- The I Ching: A Biography by Richard J. Smith
A volume in the “Lives of Great Religious Books” series of Princeton University Press, Richard J. Smith’s The I Ching: A Biography is a history of the Yijing written for a general audience. In a series of five chapters, along with a brief introduction and conclusion, Smith explores its “evolution, longevity, domestic significance, and global spread” (p. 13). Divided into two parts, the three chapters of part 1 cover the domestic significance of the Yijing, discussing its history in China. Part 2 addresses its global spread. Throughout both parts Smith describes the Yijing’s remarkable ability to evolve and adapt to the needs of time and place, thus ensuring its longevity.
Chapter 1 relates the Yijing’s origin as a work of divination, focusing on the eight trigrams with their Judgments and Line Readings. Smith also shows the insight into Shang and Zhou–era China that can be gained from them. The next chapter concerns the Ten Wings and how they added a cosmological and ethical dimension to the Yijing, making it stand out from a host of other divinatory manuals. Finally, chapter 3 outlines the major commentators on the Yijing, ranging from early ones such as Kong Yingda and Wang Bi to modern ones like Guo Moruo and Fang Dongmei. Though space only allows for thumbnail sketches, Smith carefully balances showing what makes each interpretation unique and noteworthy while stressing the eclectic nature of many of these commentaries. Particularly helpful is his inclusion and discussion of many diagrams, such as the Yellow River chart. The chapter concludes with accounts of how the Yijing was, and still is, used for guidance in China, from the Kangxi emperor wondering how to handle factional politics to a commoner uncertain what to do with an illness in the family.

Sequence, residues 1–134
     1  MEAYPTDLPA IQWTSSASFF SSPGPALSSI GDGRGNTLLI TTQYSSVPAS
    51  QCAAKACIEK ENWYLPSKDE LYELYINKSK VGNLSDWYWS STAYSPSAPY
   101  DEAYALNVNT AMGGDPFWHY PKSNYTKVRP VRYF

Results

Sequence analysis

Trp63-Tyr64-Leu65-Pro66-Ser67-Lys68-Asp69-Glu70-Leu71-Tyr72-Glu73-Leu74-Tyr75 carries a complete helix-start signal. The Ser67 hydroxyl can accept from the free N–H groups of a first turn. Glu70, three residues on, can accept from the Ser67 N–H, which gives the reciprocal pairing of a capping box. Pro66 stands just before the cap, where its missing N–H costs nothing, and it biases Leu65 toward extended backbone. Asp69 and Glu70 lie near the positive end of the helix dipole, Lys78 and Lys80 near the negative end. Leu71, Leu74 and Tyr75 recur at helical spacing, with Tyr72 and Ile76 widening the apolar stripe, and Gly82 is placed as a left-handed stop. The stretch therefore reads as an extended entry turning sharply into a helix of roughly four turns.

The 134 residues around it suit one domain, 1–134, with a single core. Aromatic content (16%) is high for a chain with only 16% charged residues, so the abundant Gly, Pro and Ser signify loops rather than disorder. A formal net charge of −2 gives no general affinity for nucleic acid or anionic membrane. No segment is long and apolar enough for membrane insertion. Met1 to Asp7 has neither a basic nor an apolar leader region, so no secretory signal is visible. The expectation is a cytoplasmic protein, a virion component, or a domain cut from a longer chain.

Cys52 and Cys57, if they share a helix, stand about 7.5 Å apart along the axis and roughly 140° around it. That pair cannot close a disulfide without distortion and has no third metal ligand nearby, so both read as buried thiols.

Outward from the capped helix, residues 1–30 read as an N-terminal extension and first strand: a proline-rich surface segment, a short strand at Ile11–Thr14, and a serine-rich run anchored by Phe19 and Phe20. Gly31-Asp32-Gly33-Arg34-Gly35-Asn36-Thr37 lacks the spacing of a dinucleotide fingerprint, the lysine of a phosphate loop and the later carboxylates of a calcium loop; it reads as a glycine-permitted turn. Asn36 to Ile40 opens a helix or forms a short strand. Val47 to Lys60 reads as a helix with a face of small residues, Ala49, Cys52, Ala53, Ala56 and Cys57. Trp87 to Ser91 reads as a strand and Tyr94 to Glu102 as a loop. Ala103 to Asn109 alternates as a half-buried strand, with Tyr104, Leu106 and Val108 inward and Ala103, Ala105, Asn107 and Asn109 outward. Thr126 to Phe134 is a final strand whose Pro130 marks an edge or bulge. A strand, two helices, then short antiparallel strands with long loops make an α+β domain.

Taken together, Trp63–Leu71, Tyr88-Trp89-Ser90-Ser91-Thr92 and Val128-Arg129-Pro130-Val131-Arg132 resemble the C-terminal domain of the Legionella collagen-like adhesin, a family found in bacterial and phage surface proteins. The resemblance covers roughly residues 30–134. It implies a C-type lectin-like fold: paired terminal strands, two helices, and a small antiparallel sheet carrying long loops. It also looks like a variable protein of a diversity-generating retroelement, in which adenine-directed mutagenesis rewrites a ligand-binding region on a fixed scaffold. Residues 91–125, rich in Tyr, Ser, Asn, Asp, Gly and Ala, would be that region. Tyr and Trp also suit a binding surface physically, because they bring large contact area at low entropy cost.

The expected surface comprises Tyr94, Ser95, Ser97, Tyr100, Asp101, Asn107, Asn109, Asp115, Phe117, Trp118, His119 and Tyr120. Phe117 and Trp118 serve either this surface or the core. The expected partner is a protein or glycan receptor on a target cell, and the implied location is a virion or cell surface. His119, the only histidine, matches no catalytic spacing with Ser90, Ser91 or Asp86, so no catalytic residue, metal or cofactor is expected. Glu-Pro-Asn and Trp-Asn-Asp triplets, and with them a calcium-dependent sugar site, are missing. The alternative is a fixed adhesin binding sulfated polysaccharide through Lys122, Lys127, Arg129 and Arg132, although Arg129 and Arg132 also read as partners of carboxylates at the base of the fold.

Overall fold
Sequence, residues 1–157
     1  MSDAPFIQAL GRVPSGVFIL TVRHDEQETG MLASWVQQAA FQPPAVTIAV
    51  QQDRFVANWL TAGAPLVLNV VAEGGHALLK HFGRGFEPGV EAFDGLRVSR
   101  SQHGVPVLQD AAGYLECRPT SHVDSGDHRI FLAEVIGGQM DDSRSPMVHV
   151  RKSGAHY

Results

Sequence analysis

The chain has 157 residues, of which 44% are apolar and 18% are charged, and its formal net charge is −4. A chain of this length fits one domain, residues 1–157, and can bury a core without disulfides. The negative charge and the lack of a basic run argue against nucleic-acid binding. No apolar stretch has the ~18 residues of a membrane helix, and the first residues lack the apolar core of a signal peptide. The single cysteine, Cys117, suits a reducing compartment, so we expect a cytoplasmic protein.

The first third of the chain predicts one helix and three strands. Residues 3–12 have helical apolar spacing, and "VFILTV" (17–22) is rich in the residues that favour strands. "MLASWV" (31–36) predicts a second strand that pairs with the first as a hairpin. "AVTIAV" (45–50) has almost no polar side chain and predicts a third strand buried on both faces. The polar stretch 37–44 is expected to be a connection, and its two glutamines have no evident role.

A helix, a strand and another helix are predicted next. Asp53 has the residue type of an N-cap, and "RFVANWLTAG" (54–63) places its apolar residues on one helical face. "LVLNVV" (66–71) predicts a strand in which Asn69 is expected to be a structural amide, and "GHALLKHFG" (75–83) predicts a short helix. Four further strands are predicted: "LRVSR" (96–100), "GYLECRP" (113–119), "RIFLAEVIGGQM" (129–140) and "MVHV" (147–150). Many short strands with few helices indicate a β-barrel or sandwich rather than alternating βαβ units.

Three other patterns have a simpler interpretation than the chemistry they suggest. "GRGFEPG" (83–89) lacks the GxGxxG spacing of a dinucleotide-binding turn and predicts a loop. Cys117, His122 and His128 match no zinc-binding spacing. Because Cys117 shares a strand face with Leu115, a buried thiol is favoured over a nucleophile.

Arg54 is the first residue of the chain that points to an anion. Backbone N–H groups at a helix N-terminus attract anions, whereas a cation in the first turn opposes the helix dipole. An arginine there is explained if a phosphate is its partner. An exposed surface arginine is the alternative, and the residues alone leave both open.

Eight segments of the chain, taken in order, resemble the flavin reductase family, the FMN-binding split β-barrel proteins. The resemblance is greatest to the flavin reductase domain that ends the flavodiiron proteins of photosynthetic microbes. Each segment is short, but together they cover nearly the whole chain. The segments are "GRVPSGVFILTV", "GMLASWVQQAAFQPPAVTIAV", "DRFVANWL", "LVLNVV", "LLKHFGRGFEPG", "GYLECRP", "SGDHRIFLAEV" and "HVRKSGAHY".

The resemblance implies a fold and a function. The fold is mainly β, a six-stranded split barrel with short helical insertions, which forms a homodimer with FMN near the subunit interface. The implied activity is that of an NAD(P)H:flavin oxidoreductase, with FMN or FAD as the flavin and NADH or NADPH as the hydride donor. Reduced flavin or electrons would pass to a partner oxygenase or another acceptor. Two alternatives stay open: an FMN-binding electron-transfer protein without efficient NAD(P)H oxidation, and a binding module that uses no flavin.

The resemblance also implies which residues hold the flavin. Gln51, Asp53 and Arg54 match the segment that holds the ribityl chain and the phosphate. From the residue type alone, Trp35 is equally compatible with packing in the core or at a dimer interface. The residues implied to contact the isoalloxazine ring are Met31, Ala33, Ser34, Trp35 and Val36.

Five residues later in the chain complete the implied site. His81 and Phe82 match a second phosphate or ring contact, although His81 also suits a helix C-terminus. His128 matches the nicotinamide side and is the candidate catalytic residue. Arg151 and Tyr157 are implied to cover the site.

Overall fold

Part 2 covers the Yijing’s history abroad. The first chapter relates how it was received in Japan, Korea, Vietnam, and Tibet, paying attention to how local circumstances changed its significance and interpretation. For instance, Smith relates how some Japanese gave a Shintoist reading to the Yijing and how some nationalist Koreans argued that it is of Korean origin. In the final chapter of the book, Smith [End Page 657] discusses the reception of the Yijing in the West. He starts with the early Jesuit missionaries and, after a brief account of various translators and their interpretations, moves on to modern uses of the Yijing. Here there is a plethora of information, revealing how people ranging from Mexican artists such as Octavio Paz to American musicians like John Cage have been deeply influenced by the Yijing. In these last two chapters, Smith shows that the Yijing is not just part of the fabric of Chinese life, but, in often surprising ways, permeates the cultures of East Asia and the West as well.
Finally, in his conclusion, Smith argues that while the Yijing is different from many of the world’s other religious books, for example the Bible or the Vedas, like them it has been and will continue to be a source of meaning, inspiration, and insight in China and throughout the world. [End Page 658]
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